They hear complaints, patrol neighbourhoods and regulate traffic on Women’s Day
Women police officers assumed charge as station house officers for a day on Thursday, the International Women’s Day, in Kerala. Male officers stepped out for the day as women officers heard complaints, disposed of petitions, walked the beat, patrolled neighbourhoods, regulated traffic, managed station records and stood as armed sentries as part of the government’s women empowerment drive.
State Police Chief Loknath Behera visited the Peroorkada police station, which wore a festive look. It was one of the five stations in the city to be manned by women on Thursday.
At the station, complainants were received by civil police officer Kala. Women volunteers of the District Legal Services Authority were also available to hear the grievances of petitioners, especially senior citizens. Among the complainants were many women, young and elderly.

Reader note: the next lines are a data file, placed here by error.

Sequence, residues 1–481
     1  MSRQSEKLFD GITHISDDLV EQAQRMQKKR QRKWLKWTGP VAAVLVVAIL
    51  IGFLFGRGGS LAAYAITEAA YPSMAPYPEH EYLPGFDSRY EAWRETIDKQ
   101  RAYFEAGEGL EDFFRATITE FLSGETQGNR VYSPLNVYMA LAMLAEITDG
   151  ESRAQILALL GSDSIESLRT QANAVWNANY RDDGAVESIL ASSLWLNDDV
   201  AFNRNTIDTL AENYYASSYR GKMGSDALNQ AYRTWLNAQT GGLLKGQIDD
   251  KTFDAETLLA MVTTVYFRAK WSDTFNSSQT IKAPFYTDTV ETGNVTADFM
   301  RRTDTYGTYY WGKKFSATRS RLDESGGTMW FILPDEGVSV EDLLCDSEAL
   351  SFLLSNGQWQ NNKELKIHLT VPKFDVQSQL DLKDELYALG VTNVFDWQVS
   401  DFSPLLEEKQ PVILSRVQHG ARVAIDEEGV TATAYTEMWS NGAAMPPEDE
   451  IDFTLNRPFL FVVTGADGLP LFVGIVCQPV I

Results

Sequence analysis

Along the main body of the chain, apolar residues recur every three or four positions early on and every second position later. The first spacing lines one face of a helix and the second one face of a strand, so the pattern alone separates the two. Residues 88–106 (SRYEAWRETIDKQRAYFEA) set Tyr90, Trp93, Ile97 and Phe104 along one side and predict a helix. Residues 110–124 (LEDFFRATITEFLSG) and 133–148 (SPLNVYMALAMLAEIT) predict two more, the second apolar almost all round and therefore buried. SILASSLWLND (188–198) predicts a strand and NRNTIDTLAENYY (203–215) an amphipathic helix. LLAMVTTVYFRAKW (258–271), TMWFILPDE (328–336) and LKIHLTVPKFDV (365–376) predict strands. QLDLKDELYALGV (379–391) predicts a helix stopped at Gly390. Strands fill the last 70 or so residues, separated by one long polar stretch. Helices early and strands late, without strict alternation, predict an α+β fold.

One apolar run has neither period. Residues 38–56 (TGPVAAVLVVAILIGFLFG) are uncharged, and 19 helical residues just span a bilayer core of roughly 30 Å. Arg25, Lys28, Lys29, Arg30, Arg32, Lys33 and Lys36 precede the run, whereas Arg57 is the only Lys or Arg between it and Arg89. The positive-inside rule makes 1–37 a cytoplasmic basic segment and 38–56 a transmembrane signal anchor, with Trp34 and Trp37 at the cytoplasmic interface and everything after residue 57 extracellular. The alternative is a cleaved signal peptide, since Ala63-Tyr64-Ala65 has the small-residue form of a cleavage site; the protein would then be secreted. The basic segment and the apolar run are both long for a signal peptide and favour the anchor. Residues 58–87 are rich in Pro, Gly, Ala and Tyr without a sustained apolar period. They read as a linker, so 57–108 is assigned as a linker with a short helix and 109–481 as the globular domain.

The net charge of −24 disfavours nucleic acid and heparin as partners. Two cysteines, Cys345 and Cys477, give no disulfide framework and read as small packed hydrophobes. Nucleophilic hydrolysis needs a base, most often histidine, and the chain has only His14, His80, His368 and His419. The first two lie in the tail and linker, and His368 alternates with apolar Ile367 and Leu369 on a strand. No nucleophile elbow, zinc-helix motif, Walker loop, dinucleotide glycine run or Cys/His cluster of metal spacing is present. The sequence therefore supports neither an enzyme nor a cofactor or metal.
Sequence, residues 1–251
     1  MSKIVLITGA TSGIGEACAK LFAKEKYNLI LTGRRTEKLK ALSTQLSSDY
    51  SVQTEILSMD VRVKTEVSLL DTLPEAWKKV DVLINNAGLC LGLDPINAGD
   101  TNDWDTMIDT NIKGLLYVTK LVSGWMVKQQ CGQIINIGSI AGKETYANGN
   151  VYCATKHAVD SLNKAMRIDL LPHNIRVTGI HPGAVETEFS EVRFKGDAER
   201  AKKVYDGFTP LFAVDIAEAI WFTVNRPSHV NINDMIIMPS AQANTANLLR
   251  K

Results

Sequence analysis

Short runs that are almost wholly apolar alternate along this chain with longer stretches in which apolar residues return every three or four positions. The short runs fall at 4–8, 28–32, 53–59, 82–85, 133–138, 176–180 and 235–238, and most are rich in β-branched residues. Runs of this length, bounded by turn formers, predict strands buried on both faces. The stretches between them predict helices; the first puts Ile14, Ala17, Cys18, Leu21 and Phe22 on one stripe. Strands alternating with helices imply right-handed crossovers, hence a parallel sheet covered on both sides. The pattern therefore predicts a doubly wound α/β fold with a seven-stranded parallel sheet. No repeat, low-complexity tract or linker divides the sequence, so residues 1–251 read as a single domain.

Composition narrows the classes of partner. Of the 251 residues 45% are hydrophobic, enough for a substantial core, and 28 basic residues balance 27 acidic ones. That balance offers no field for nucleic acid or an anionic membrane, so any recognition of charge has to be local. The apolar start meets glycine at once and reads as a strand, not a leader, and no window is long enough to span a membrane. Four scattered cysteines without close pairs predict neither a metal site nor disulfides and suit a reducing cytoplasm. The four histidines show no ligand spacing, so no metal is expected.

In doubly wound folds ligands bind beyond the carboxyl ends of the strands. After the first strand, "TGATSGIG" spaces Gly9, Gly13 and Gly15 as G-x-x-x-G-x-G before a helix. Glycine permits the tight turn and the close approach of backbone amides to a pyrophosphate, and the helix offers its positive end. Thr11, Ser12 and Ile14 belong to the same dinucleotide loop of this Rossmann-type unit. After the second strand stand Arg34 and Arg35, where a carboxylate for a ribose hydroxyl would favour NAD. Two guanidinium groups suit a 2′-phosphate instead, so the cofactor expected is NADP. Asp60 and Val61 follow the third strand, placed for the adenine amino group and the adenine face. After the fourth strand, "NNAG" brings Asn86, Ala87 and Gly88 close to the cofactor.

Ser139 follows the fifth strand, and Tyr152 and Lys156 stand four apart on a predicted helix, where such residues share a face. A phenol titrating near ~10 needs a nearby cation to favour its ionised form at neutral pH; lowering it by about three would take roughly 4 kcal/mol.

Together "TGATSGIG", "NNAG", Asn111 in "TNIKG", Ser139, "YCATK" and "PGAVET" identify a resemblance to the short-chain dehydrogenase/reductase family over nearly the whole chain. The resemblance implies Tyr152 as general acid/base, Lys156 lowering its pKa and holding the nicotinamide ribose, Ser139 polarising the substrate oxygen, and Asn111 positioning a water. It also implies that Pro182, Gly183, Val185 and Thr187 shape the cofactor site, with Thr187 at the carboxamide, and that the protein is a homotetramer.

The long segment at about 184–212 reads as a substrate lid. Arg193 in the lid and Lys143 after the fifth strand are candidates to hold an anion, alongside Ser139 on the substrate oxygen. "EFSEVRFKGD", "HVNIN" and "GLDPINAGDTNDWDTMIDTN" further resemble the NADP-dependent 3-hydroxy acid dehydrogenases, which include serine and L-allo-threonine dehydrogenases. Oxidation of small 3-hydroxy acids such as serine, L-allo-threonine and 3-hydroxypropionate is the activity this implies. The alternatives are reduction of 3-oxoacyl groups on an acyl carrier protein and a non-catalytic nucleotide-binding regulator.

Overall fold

Ammukutty, 80, who has been knocking on several doors for the title deed of a plot where her family has resided for over 70 years, believed that a woman police officer would understand her plight better.
L. Latha, who assumed charge as Station House Officer, remained busy for most part of the day.
Mr. Behera expressed satisfaction at the manner in which women officers conducted police work. He said the force would soon be gender-neutral.
Officers, irrespective of their gender, would share duties and the accolades that come with them. Girl Student Police Cadets and women officers accorded Mr. Behera a guard of honour.
Later he inaugurated a self defence training programme for women at KINFRA Park. ADGP B. Sandhya flagged off a mass run from Kowdiar.
There are only eight stations in Kerala where women hold station charge. The government has promised a change in scene, enhancing the strength of women in police force from the current 4% to 15%.